Tag Archives: Jemaine Clement

Not Bird nor Plane nor Even Frog

DC League of Super-Pets

by Hope Madden

Y’all should have a pet. That’s the message of the feel-good, sometimes surprisingly dark, wildly well-cast animated feature DC League of Super-Pets.

It’s not a tough lesson, really. That’s why one pet has to learn something different. Krypto (Dwayne Johnson), Superman’s dog, doesn’t really know how to be a dog. He figures out something about pack animalhood when he’s robbed of his superpowers, Superman goes missing, and the shelter animals up the road develop their own special skills.

Who’s to blame? Is it evil Lex Luthor (Marc Maron)?

Oh, no. No, this villain is a far, far more dangerous creature. Look out for Lulu (Kate McKinnon), a hairless Guinea pig once saved from experimentation in Luthor’s lab!

Guinea pigs have not done this much animated damage since that South Park episode.

There are lessons aplenty in this film, but just one I want Hollywood to take away from it: McKinnon should voice all animated bad guys forevermore. She couldn’t be more perfect, couldn’t be more fun.

She’s not alone. The supporting voicework in this film delights. Other scene stealers include Keanu Reeves as a brooding (what else?) Batman and Natasha Lyonne as a cantankerous yet horny turtle.

Sure, the actual stars are Johnson and Kevin Hart, and they’re about as fun an odd couple when they’re cartoon dogs as they are when they’re CIA agents or board game buddies. But the real story here is the supporting cast, which also includes John Krasinski, Diego Luna, Jemaine Clement, Daveed Diggs, Vanessa Bayer, Dascha Polanco, Jameela Jamil and Olivia Wilde.

Wow, that’s a lot of people, which indicates that DC League of Super-Pets suffers from the same bloat as almost all DC films. There are too many characters, too many tidy endings, too little for everyone to do.

Co-directors Jared Stern and Sam Levine, along with co-writer John Whittington (writing with Stern) have collectively created a solidly unremarkable set of animated films and episodes. This is no different.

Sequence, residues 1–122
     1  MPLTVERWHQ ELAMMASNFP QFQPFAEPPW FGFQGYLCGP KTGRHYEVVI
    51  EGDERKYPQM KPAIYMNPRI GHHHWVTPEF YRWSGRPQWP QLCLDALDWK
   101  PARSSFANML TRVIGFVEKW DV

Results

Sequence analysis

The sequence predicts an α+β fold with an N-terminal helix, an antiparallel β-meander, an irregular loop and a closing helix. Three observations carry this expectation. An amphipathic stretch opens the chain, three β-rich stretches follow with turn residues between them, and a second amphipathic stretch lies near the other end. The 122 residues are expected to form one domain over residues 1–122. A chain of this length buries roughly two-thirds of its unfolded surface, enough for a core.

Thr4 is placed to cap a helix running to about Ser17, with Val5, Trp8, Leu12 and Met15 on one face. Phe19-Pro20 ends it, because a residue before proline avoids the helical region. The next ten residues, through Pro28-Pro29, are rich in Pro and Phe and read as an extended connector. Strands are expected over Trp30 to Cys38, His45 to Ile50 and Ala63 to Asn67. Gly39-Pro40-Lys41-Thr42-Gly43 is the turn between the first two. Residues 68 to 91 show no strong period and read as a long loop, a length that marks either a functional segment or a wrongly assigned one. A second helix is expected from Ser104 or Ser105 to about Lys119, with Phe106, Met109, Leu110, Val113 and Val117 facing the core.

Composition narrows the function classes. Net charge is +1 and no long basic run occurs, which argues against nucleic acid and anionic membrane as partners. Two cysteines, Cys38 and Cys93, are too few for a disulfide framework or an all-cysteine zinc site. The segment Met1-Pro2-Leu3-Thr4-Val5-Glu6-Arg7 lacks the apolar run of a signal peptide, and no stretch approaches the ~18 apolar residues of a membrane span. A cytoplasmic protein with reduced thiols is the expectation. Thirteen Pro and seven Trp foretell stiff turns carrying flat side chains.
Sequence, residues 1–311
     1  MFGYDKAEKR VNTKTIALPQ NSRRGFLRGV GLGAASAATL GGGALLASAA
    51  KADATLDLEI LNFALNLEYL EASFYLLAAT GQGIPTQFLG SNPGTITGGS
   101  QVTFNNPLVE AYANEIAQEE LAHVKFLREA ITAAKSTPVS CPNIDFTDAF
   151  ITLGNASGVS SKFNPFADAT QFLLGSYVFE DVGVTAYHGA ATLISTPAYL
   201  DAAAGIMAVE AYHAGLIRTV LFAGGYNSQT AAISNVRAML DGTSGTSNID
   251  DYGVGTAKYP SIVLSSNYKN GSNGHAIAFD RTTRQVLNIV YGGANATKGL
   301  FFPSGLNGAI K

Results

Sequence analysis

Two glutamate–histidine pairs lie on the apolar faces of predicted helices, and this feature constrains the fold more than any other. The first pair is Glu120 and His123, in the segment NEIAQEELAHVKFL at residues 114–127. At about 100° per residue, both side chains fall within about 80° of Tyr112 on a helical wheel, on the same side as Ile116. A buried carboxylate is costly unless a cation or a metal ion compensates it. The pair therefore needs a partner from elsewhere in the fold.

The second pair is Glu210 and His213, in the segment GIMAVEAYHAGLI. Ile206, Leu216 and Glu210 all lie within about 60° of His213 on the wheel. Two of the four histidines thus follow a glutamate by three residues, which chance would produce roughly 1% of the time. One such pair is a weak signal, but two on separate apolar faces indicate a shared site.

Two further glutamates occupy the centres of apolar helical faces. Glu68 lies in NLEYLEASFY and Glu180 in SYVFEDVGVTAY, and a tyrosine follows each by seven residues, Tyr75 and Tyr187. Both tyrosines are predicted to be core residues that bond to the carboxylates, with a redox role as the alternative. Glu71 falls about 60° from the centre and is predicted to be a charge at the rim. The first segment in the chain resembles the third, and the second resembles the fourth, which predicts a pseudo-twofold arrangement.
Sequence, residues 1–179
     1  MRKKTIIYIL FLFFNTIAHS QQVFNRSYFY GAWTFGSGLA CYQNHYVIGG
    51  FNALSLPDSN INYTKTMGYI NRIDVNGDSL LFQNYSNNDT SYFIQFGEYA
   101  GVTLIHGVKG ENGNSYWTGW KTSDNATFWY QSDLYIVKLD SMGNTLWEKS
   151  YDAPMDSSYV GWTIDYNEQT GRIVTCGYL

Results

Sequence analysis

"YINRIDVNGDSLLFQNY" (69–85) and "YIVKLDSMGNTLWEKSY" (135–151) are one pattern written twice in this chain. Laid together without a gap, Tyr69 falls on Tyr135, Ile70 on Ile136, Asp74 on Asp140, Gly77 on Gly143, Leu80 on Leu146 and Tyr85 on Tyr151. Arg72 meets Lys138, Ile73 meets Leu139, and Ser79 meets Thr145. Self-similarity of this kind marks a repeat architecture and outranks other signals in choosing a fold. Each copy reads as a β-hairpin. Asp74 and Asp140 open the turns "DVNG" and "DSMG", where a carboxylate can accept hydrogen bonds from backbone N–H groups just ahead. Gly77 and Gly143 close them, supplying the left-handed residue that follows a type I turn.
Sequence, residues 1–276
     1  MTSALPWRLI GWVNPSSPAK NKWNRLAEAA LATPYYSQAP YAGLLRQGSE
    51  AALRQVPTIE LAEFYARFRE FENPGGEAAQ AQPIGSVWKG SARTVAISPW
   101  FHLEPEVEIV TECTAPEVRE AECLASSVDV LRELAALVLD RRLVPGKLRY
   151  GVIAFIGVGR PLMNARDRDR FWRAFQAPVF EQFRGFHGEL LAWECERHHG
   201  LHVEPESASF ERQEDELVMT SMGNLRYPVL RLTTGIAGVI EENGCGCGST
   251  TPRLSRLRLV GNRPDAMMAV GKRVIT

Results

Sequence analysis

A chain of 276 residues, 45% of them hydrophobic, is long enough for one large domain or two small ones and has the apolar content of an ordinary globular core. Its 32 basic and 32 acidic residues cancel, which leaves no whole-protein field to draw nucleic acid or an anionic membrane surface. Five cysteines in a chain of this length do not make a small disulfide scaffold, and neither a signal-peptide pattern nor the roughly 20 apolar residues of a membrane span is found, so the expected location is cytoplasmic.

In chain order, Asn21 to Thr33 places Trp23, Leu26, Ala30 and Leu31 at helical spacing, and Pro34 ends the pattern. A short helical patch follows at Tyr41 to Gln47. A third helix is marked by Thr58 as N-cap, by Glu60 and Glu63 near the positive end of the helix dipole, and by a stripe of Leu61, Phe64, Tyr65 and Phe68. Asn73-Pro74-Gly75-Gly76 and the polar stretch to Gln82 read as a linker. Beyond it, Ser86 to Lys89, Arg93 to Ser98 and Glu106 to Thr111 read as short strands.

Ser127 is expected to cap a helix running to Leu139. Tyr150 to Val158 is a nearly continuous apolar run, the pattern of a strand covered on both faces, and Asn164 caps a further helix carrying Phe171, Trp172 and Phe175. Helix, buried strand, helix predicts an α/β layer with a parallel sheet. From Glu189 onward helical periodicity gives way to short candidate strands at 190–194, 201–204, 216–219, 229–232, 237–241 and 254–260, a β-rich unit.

There’s a lot going on with not much really happening. It looks good, not exceptional. It’s fun and almost immediately forgettable. It does expose the diabolical side of the Guinea pig, though. Fear them!

Chillier than Casual Friday

Nude Tuesday

by Hope Madden

“It’s rude not to be nude on Nude Tuesday.”

It’s with this kind of casually dropped line and its sincere acceptance that co-writer/director Armagan Ballantyne laughingly challenges status quo and self-help in equal measure.

It’s nothing if not an odd film.

Ballantyne writes with star Jackie van Beek (What We Do in the Shadows) and Ronny Chieng. Ballantyne and van Beek composed the script, which is written entirely in a very Nordic-sounding gibberish language. Chieng wrote the subtitles.

This makes you wonder, was the English language version available to the actors, or did Chieng figure out what they were saying later? And why?

Either way, the actors convince. You’ll immediately forget that this is not a real language (which means you’ll cease to marvel at its delivery, and that’s a crime).

Van Beek is Laura, whose marriage to Bruno (Damon Herriman) has been unsatisfying for a while. His mum has noticed, so she bought them a trip to a retreat run by the charismatic Bjorg (Jemaine Clement).

The duo will try new things, learn about themselves, slowly unveil the buried troubles in their relationship, and work toward that day of days: Nude Tuesday.

Before we get there, though, Ballantyne runs through an absurd comedy of manners. Van Beek’s awkward, do-what’s-expected delivery is perfect, and Herriman’s over-eager approach creates a funny balance.

Clement’s simpleton narcissism delivers the most consistent laughter in a film that’s cleverly delightful if not bust-a-gut funny.

The cast wields the language impressively. Still, the creative decision is a head-scratcher. The fictional language doesn’t impede enjoyment of the film, but it doesn’t heighten it, either. Because of the subtitles, it doesn’t do anything at all. Would we be able to follow along without captions? And if not, why put the cast through learning the false dialog and the audience through reading the real deal?

It’s a conundrum, but not one worth a lot of energy. Nude Tuesday delivers a charming coming-of-middle-age comedy (and a lot more nudity than you probably need).

Class Dismissed

I Used To Go Here

by George Wolf

I’m sure I’m not the only one who’s ever wandered past their old college apartment and thought about knocking, right? And then you realize how little the kids inside will care about your nostalgia (or worse, how adorable they’ll think your old ass is), and you just keep on wandering.

But what if you were invited in? And what if you stayed awhile? With I Used To Go Here, writer/director Kris Rey has a full semester of fun exploring that very idea.

30-something Kate (Community‘s Gillian Jacobs, fantastic) is bumming over a breakup and the cancellation of the promo tour for her very first book. A phone call from her old professor David (Jemaine Clement) perks Kate right up.

Would she come back to Illinois U. as a “Distinguished Alumni” and do a reading from her novel? She would.